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Boris Johnson: Qassem Soleimani had 'the blood of British troops on his hands'
8 January 2020, 12:15
Prime Minister Boris Johnson condemned Iran's attacks on military bases in Iraq following the death of Iranian General Qassem Soleimani
At Prime Minister's Questions since the Christmas break, Mr Johnson echoed the comments made by Foreign Secretary Dominic Raab, telling MPs: "We, of course, condemn the attack on Iraqi military bases hosting coalition forces.
"Iran should not repeat these reckless and dangerous attacks but must instead pursue urgent de-escalation."
Labour leader Jeremy Corbyn used his question to the PM to say the killing of Qassem Soleimani was an "illegal act" under international law.
Answering a question from Labour leader Jeremy Corbyn about the legality of the drone strike that killed the Iranian general, the PM said the US had the right to defend its bases.
"Clearly the strict issue of legality is not for the UK to determine since it was not our operation," said the PM.
"But I think most reasonable people would accept that the United States has the right to protect its bases and its personnel."
The PM said Gen Soleimani had supplied "improvised explosive devices to terrorists, which I'm afraid killed and maimed British troops".
He added: "That man had the blood of British troops on his hands."
Mr Johnson said he opposed any further escalation of violence and told MPs: "As far as we can tell there were no casualties last night sustained by the US and no British personnel were injured in the attacks.
"We are doing everything we can to protect UK interests in the region, with HMS Defender and HMS Montrose operating in an enhanced state of readiness to protect shipping in the Gulf."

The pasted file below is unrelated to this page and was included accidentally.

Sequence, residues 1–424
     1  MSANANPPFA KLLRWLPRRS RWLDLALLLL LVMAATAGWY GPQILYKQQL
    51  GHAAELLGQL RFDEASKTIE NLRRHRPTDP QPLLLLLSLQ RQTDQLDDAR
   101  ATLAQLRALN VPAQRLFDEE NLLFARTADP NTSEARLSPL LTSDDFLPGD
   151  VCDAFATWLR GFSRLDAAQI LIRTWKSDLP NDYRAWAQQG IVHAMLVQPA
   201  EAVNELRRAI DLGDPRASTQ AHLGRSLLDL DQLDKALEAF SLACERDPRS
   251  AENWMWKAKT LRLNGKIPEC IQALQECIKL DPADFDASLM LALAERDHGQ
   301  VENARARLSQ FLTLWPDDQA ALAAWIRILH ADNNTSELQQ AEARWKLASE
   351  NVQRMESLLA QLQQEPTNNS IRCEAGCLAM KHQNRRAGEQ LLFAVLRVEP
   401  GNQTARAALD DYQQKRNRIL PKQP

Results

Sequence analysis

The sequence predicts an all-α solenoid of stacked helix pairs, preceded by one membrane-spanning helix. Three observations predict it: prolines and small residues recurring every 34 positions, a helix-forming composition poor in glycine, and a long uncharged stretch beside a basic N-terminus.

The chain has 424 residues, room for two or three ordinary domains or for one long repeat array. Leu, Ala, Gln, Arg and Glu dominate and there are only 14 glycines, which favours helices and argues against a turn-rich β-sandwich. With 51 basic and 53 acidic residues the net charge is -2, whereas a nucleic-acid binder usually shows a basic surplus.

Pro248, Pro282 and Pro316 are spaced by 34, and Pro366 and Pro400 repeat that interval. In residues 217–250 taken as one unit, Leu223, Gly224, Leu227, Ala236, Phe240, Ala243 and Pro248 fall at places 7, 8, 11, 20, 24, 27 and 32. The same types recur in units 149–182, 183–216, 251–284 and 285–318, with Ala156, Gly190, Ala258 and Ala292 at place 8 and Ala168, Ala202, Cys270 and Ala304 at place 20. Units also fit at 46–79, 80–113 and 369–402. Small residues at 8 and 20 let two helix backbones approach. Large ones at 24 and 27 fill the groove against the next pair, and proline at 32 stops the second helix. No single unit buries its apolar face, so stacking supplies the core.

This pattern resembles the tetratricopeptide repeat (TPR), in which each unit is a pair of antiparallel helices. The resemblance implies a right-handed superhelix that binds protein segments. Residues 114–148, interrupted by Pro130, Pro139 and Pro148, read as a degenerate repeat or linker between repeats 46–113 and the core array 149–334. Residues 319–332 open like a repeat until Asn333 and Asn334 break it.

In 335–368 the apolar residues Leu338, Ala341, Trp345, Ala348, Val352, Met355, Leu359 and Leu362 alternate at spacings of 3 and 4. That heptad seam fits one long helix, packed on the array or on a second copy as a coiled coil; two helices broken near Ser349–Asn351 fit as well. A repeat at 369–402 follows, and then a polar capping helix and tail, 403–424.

Earlier the UK urged Iran not to carry out further "reckless and dangerous" attacks after Tehran fired missiles at military bases in Iraq hosting British and US troops.
Foreign Secretary Dominic Raab urged Iran to pursue "urgent de-escalation" as the crisis in the Gulf intensified.
US President Donald Trump tweeted "all is well" following the attack on the bases, which was carried out in response to the killing of Iranian General Qassem Soleimani by America.
US officials said a number of missiles were fired, with 10 striking the Ain al-Asad base 100 miles west of Baghdad, one striking a base in Irbil in northern Iraq's semi-autonomous Kurdish region, and another four missing their targets.
American authorities said casualties were "few, if any", while the Ministry of Defence said there were no British casualties.
Boris Johnson has said he is "very surprised" that Mr Corbyn has not condemned the activities of General Qassem Soleimani.
Mr Corbyn said: "Isn't the truth, Mr Speaker, that this Prime Minister is unable to stand up to President Trump because he has hitched his wagon to a trade deal with the United States and that prioritises everything else that he ought to be considering?
Mr Johnson replied: "This is absolute fiction. But what I will say is that the UK will continue to work for de-escalation in the region."
He added: "But he should be in absolutely no doubt, and this is of course a leader of the Opposition who famously received £10,000 from the Iranian Press TV, he should be in absolutely no doubt that we are determined to guarantee with everything that we can the safety and the security of the people of Iraq - whereas he, of course, would disband Nato.
He continued: "I'm very surprised, at the end of these exchanges, that he is yet to condemn the activities of Qassem Soleimani."